Standing Still

a-man-grows-most-tired-while-standing-still-quote-1“Stand still with me.”

Someone once said that the only thing constant is change, which makes absolute sense. We are born, and from that moment we shift, we grow, we change, from day to day, from year to year, and for the rest of our lives. We encounter others who are also growing and changing, becoming their supreme selves, and then shifting some more. It’s fascinating, really, the processes that move us along through this thing called life.

And this universe we live in — it also changes. It moves at a frenetic pace, even if sometimes we seem like snails on its surface, even if at times the clock never seems to move. Somewhere, somehow, things are happening. People are born every millisecond. People die nearly as fast, dropping like flies all over the world. The job market shifts like sand, morphing into new jobs every day, phasing out old jobs that are now irrelevant.

We get older and we realize the things that are most important to us change as well. Friends come and friends go, while some stay around and change with us. Our relationships move and adapt themselves to us or they disappear. Sometimes it’s years later before we understand that anything has happened. That’s how dynamic change always is, in that it sneaks up on us, then blows by us in a whirlwind.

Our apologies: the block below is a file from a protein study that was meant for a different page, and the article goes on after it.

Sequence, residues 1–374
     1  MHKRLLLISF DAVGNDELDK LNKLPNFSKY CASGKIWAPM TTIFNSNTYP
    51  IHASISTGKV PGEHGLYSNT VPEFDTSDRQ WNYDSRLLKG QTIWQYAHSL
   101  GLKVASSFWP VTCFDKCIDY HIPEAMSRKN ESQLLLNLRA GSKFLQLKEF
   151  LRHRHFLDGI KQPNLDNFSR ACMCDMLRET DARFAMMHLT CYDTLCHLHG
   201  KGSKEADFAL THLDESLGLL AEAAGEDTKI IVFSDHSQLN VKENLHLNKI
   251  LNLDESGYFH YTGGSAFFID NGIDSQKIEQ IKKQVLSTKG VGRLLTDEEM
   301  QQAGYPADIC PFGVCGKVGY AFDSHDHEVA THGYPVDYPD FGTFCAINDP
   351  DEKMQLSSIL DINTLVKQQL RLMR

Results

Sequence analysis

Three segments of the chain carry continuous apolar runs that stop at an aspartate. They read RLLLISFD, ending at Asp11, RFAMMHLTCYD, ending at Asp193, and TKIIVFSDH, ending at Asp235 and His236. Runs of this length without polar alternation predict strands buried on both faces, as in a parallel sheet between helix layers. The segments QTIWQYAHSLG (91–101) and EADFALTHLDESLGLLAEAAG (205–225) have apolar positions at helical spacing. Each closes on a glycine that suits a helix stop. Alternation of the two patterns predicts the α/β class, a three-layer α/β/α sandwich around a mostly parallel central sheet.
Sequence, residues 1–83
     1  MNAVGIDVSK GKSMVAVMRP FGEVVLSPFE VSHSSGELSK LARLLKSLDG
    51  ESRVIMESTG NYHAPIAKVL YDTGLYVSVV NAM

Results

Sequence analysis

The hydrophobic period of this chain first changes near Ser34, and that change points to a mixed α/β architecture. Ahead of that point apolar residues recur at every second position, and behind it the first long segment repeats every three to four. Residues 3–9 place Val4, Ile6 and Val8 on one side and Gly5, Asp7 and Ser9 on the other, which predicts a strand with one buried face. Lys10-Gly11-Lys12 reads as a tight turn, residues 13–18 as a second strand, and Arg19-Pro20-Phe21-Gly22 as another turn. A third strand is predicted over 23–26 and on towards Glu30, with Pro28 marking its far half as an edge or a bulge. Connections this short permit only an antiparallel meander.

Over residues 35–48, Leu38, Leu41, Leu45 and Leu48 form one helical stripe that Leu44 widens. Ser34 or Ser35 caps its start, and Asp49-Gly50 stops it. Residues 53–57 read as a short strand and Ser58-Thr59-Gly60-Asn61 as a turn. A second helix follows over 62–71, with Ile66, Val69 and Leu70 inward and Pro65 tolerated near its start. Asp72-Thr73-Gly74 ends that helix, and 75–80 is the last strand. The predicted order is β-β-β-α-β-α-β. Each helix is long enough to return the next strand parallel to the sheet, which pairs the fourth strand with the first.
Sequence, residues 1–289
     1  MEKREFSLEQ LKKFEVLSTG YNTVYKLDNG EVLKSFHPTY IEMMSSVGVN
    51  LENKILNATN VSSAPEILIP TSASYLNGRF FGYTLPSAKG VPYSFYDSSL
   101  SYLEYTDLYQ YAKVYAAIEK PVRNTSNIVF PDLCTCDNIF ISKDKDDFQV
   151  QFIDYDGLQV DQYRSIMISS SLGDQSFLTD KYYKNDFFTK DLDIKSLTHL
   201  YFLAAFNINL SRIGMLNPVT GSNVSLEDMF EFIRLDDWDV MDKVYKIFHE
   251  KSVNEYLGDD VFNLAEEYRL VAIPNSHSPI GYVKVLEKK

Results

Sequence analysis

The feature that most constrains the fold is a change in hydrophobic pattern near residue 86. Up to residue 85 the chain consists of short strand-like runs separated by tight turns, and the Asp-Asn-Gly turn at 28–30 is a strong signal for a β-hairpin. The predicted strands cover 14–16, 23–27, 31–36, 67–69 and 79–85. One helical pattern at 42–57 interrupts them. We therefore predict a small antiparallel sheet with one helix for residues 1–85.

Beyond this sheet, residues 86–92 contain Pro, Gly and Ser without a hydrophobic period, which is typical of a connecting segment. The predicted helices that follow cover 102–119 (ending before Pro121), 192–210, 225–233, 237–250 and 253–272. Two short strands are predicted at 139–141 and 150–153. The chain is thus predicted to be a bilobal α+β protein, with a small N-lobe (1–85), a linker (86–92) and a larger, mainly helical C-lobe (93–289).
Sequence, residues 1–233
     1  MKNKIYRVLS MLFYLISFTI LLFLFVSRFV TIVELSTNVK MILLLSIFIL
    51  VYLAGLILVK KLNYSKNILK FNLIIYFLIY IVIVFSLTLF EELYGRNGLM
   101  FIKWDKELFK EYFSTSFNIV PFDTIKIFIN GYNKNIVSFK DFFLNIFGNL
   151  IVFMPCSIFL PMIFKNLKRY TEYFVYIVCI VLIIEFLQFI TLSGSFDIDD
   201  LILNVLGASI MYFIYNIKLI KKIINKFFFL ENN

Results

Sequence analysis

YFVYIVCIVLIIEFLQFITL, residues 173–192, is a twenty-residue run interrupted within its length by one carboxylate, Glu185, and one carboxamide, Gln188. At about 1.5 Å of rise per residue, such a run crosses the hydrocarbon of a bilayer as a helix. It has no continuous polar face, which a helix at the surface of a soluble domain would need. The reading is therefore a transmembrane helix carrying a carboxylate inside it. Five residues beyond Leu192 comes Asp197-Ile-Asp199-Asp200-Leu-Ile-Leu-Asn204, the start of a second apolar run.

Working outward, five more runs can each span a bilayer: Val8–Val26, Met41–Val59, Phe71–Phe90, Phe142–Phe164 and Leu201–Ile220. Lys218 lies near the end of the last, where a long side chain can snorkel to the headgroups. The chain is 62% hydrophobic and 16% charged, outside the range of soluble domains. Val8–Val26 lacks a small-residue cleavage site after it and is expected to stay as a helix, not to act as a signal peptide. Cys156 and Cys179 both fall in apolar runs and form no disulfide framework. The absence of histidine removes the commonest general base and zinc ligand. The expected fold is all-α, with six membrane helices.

I heard somewhere before that if we’re not moving forward we are just standing still. But that’s not true. It’s impossible to stand still in this world, in this life. When we stand still we are really just moving backwards, perhaps infinitesimally, but true nonetheless. That doesn’t stop us from trying to stand still, from trying to make the world stop for just a second, for just us. So we can exhale.

Sam

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9 thoughts on “Standing Still

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  1. How do you know standing still is moving backwards? I mean really, we are on a rock that is hurdling through space… wouldn’t it depend on the direction we are facing when we are standing still?

      1. I think college students are at a whole different production level than inner city high school kids. However, I got senior essay drafts from almost half of my advocates and they did write betetr content-wise than they have in previous years. But the refusal to capitalize names, “i,” and places is a little overwhleming for me.

      2. I will never understand this “texting” mentality. If I can text it then I can put it in my formal writing. I just saw a “wanna” in a college essay I’m grading right now.

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